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Why does Perl have typeglobs?

by Anonymous Monk
on Jul 08, 2014 at 19:11 UTC ( #1092776=perlquestion: print w/replies, xml ) Need Help??
Anonymous Monk has asked for the wisdom of the Perl Monks concerning the following question:

So, I'm learning Perl. I quite like it, but it sure has some crazy things. So, I've tried to find the answer on the internets and came up with nothing... Why does Perl have typeglobs? Yes, I understand that they are symbol table entries, but why can they hold several completely unrelated things - scalars, arrays, filehandles? Is there some technical reason for that? Or was that just Larry's idea? The closest thing to an explanation that I could find was actually in an old book 'Advanced Perl Programming', and the author simply said 'I have no explanation for that feature'. So, yeah, why are typeglobs the way they are?

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Re: Why does Perl have typeglobs?
by ikegami (Pope) on Jul 08, 2014 at 21:10 UTC
    Type globs are symbol table entries. Perl has a type globs because Perl has a symbol table at runtime. Perl has a symbol table at runtime because it allows code to be compiled after runtime has started.

    For example, the following adds bar to the symbol table after Mod.pm has been executed.

    use Mod; sub bar { ... } ...

    Perl doesn't have to expose the type globs to the program, but it makes some incredible things possible. A simple example is aliasing a sub.

    sub foo { ... } *Foo = \&foo; # Create alias for backwards compatibility.
      Yes, but my question wasn't why Perl have symbol table entries. It was why they are structs with a bunch of pointers to different things: arrays, scalars etc... rather then one pointer to one thing per struct. I came to the conclusion that it was some attempt to gain effeciency... assuming that programmers would actually use that feature (reusing variable names; for ex. $foo, @foo, %foo etc). I don't think that too many people actually do that, am I wrong?

        It was why they are structs with a bunch of pointers to different things

        Perl can have arrays, scalars, hashes, etc with the same name. Therefore, the symbol table entry for a name must be able to hold all of them.

        I don't think that too many people actually do that, am I wrong?

        It doesn't matter how many do. It just matters if they can. That said, virtually every program uses both $_ and @_. The numerous programs using <> use $ARGV, @ARGV and *ARGV{IO}.

        You can e.g. assign a typeglob to another:

        $foo = 42; @foo = ( 1, 2, 3 ); *bar = *foo; print "$bar @bar"; undef *bar; print "$bar @bar";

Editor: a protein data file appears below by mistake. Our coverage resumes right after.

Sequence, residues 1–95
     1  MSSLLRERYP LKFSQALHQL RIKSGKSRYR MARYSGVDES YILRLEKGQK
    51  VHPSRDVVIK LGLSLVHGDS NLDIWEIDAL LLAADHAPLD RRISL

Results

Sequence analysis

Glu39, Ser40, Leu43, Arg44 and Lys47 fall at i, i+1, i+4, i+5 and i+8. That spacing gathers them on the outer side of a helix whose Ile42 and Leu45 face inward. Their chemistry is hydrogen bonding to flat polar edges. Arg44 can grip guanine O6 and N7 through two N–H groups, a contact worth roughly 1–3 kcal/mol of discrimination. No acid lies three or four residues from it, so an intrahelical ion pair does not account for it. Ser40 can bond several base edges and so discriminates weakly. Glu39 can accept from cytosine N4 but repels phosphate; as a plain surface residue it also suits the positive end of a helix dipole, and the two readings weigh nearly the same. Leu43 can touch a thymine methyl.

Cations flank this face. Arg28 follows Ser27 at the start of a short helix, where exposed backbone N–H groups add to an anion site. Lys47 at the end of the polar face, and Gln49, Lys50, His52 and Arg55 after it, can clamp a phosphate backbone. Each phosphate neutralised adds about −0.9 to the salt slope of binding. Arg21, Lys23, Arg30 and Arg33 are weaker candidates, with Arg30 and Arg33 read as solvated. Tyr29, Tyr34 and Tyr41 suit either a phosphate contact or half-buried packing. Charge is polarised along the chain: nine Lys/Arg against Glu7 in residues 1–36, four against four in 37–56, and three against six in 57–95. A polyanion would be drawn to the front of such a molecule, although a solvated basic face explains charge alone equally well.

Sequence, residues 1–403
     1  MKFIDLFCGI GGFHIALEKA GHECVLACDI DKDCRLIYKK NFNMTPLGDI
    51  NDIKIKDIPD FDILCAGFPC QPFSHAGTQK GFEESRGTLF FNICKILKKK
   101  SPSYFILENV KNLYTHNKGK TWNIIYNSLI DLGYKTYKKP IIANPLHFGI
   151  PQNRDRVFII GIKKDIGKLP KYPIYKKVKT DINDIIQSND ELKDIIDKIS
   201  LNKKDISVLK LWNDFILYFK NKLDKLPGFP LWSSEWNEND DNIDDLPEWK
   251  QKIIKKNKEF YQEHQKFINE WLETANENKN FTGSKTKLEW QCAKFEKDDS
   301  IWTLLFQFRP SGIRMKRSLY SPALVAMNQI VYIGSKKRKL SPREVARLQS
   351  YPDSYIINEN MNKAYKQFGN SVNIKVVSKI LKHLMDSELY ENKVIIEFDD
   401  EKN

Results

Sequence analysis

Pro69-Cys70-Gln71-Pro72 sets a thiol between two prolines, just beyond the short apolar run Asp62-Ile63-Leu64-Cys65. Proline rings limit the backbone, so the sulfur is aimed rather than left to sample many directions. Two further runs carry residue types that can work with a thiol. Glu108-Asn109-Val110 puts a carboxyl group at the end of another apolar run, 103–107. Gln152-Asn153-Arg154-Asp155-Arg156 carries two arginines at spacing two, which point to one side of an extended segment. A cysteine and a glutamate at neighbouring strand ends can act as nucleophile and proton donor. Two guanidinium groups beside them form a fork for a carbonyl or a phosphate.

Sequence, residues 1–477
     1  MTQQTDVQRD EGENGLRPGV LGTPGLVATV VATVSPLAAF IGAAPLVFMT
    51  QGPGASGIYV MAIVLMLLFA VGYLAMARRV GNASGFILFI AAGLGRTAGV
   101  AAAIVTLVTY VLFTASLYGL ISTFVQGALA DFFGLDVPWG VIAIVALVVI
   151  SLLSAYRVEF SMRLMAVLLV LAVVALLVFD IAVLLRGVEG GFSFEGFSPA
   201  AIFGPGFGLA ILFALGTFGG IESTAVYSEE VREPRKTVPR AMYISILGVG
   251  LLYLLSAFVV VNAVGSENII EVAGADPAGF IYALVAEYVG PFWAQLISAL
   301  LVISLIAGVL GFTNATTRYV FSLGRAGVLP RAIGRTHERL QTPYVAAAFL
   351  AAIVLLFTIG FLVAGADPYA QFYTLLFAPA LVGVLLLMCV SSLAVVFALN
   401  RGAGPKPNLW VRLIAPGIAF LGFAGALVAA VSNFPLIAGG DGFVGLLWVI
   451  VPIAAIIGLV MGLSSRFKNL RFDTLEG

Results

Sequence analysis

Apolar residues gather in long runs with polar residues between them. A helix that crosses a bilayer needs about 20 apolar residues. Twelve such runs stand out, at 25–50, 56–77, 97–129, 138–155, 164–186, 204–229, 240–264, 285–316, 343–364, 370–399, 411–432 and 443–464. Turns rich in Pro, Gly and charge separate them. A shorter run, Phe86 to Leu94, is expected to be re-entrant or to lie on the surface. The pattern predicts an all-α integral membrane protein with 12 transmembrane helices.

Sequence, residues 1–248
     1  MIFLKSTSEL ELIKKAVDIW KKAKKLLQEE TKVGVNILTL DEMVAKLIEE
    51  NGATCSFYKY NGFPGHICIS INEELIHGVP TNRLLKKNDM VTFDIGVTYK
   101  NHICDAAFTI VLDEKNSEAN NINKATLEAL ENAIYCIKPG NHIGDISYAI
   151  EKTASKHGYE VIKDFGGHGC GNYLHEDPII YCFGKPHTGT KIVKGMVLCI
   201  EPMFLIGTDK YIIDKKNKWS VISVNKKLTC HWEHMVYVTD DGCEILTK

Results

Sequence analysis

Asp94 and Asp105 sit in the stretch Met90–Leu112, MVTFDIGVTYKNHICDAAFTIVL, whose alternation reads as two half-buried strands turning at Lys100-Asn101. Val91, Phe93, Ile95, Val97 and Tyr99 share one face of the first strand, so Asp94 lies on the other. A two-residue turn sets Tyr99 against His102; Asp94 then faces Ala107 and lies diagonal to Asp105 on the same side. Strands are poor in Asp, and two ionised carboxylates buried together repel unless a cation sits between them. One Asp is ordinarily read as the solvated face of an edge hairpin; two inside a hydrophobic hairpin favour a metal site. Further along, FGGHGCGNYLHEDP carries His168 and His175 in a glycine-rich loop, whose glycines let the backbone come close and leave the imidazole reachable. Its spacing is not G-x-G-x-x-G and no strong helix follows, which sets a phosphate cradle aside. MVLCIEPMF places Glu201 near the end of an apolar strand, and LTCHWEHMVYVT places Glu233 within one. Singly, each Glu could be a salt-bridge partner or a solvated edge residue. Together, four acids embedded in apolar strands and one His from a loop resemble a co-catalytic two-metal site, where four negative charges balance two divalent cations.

Where and why that might come useful I cannot tell; however, it does make sense to keep a single struct, does it not?

Re: Why does Perl have typeglobs? (sigils)
by tye (Sage) on Jul 09, 2014 at 03:11 UTC

    Perl has typeglobs because Perl has sigils. A typeglob would make no sense in a language where you write:

    string s; array a; hash h;

    But a typeglob makes sense in a language where you can say:

    our( $stuff, @stuff, %stuff ); open *stuff, ...; &stuff(); write stuff;

    Looking in the symbol table under the single name "stuff", you might find 6 different things. What's an obvious way to implement that?

    - tye        

      You don't need typeglobs to handle sigils, lexical pads work without the "hash of slot" structure of STASHes.

      (well at least does padwalker not return such a structure, variables are in the hash with sigil as part of the name)

      Cheers Rolf

      (addicted to the Perl Programming Language)

        Where did you read the word "need"?

        If you want to use Perl's PADs as part of an argument against how symbol tables were implemented, then you probably should learn more about Perl's PADs first. Perl's PADs don't support looking things up by name so they'd really suck as an implementation of a symbol table. That's why that module has "walker" in its name. Plus PADs only support about half of the slot types of a typeglob.

        The obvious two choices are 1) a hash by name where each value has N slots for N types of things; 2) N hashes. If you have a complete set of sigils, then the third obvious choice is 3) a hash by "$sigil.$name" (where the values are of various types) but that might not be the best choice in C (and we don't have a complete set of sigils).

        The choice of typeglobs is more obvious in older features of Perl where "open FOO" then "write FOO" will use $FOO as the name of the file to open, *FOO as the handle to open, and FOO as the format to write. Even more slots of *ARGV are used together.

        - tye        

Re: Why does Perl have typeglobs?
by hardburn (Abbot) on Jul 08, 2014 at 19:33 UTC

    A long time ago, it was a way to carry around filehandles. Perl 5.8 (I think) allowed lexicals to hold filehandles, so this use died out.

    Most useful thing I've found is to make a list of simple accessors in a class:

    { my @ACCESSORS = qw{ foo bar baz }; for my $slot (@ACCESSORS) { no strict 'refs'; *$slot = sub { my ($self) = @_; $self->{$slot}; }; } }

    But even this has tended to go away with meta-object systems like Moose (which do similar things under the hood).


    "There is no shame in being self-taught, only in not trying to learn in the first place." -- Atrus, Myst: The Book of D'ni.

Re: Why does Perl have typeglobs?
by jeffa (Bishop) on Jul 08, 2014 at 19:15 UTC

    This was (sort of) asked and addressed a while back at What are typeglobs (useful for)?. I was introduced to the Union data structure in my college compiler class for what it is worth. I have always thought of typeglobs as Unions -- things that can store the same value but reference/use it in different ways. I'm probably wrong, however. :)